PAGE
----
Food For Thought

The single best trick to keeping a crew happy is food (and drink, of course, but that goes without saying). Which is why we started the day with a very tasty and filling breakfast.

The plan for the day was to traverse a series of river locks on the River Avon, before wending our way through to Bristol Floating Harbour.

After stowing away the breakfast things, we were under way. The sun came out and took the chill off the early Autumn morning.

We were joined on the river by several rowers, who heaved their oars and zoomed past us. One pair were so engrossed in their efforts that only a good, strong beeeep on the horn prevented them from crashing straight into us. In truth one of them seemed quite thankful for the chance to stop and catch his breath. At least that’s how I interpreted his grey, sweaty features anyway.

We made it to Kelston lock, having successfully avoided crushing any of the many rowers under our hull, but we did pick up a sizeable tree trunk that ended up staying behind in the lock. Apologies to those who came through after us and had to deal with it.

As we departed Swineford lock we managed to allow a small family of swans in, trapping them as we closed the gates.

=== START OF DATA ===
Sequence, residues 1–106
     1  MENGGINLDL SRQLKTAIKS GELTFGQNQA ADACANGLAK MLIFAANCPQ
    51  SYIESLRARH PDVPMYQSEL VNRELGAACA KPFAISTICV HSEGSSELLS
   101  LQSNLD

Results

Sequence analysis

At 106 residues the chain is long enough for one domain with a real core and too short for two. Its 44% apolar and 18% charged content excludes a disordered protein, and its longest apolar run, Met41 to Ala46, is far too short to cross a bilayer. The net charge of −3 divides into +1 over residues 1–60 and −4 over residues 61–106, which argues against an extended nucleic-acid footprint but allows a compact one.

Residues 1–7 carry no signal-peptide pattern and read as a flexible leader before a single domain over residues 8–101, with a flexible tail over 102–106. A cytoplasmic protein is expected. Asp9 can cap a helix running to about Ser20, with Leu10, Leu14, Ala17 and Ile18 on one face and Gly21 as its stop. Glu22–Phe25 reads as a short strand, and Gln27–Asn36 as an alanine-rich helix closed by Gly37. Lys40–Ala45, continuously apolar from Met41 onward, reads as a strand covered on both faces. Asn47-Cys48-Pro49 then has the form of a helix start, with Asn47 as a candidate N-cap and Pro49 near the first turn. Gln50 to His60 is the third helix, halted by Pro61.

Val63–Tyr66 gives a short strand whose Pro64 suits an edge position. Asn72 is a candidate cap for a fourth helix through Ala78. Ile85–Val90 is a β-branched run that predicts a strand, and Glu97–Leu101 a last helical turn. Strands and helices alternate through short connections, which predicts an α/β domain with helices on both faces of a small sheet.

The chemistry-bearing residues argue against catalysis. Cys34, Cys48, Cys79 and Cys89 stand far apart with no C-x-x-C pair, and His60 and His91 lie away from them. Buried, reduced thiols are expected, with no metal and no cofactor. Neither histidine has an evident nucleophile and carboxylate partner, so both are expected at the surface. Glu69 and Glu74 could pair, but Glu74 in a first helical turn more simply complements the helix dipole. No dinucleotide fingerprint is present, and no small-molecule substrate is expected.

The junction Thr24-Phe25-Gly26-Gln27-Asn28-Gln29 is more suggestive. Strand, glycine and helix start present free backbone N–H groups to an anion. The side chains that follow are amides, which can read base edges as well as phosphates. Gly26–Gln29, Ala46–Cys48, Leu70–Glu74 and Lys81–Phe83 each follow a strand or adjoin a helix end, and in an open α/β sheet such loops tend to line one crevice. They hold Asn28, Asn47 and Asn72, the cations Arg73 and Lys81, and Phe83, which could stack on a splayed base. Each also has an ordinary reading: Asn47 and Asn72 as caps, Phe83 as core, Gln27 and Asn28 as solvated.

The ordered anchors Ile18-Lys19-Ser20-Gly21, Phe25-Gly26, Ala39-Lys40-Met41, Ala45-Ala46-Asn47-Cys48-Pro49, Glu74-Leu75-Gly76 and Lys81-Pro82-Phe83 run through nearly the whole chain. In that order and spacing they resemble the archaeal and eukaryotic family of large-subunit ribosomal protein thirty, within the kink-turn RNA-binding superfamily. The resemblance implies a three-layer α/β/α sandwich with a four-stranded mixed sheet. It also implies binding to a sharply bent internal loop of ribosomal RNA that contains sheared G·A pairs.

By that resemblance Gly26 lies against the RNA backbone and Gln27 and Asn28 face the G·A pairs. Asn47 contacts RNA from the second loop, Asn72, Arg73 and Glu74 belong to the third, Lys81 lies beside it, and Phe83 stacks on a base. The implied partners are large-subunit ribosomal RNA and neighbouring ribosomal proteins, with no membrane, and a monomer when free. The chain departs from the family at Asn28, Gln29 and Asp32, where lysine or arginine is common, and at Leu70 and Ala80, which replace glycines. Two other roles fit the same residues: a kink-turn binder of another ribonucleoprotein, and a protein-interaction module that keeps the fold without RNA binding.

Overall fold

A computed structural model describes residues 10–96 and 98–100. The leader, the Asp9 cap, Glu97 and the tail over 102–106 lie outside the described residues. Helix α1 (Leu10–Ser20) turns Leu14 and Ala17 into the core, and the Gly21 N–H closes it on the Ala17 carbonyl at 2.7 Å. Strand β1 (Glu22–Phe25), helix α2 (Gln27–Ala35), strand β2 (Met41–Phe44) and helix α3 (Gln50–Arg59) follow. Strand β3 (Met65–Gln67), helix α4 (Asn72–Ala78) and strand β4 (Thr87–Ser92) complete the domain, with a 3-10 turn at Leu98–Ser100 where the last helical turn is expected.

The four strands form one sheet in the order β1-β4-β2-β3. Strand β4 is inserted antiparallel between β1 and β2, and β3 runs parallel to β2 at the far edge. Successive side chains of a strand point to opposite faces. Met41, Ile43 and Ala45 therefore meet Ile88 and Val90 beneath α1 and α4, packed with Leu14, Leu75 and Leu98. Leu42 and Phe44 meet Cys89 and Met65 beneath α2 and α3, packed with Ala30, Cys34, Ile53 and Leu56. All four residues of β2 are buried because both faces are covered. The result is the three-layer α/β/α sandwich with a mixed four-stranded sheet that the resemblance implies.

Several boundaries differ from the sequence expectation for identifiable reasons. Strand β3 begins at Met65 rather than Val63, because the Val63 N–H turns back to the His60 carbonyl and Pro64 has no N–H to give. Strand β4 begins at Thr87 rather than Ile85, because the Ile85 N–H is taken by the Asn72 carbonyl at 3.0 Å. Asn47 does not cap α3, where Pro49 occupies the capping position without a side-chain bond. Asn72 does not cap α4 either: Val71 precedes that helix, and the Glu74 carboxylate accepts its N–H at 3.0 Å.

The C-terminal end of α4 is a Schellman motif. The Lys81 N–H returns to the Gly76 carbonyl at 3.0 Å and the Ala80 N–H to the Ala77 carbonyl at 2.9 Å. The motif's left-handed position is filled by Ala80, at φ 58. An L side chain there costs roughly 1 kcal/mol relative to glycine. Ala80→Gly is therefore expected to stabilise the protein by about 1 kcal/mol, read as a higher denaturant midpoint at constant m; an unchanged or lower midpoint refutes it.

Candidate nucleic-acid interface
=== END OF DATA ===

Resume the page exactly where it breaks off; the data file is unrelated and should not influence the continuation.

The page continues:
It turns out the swans are far smarter than we are, as no sooner had the gates closed behind us, they opened again of their own accord and the swans could escape without any difficulty.

We, on the other hand had great difficulty escaping as the wind pinned poor Carol Ann to the pontoon just beyond the lock. It took some strong-arming with the pole and a good deal of throttle action to get us underway again.

There’s a seemingly new trend on this stretch of water – paddle boarding. You can’t go more than a few metres without coming across some poor soul wobbling about precariously on what appears to be an inflated ironing board.

At Hanham lock, the penultimate lock before entering Bristol Harbour waters you are politely asked to phone ahead and book in with the lock keeper at the final lock at Netham, as you can’t pass through it without their say so.

We tied up Carol Ann here, as there was a very convenient water point. So, Trevor prepped the lock, Elaine organised the water, the SSO and I scouted around for any security issues, and the Captain phoned ahead. Or tried to. There were four different numbers to try, and none of them resulted in talking to the lock keeper. The best we could manage was leaving a voicemail.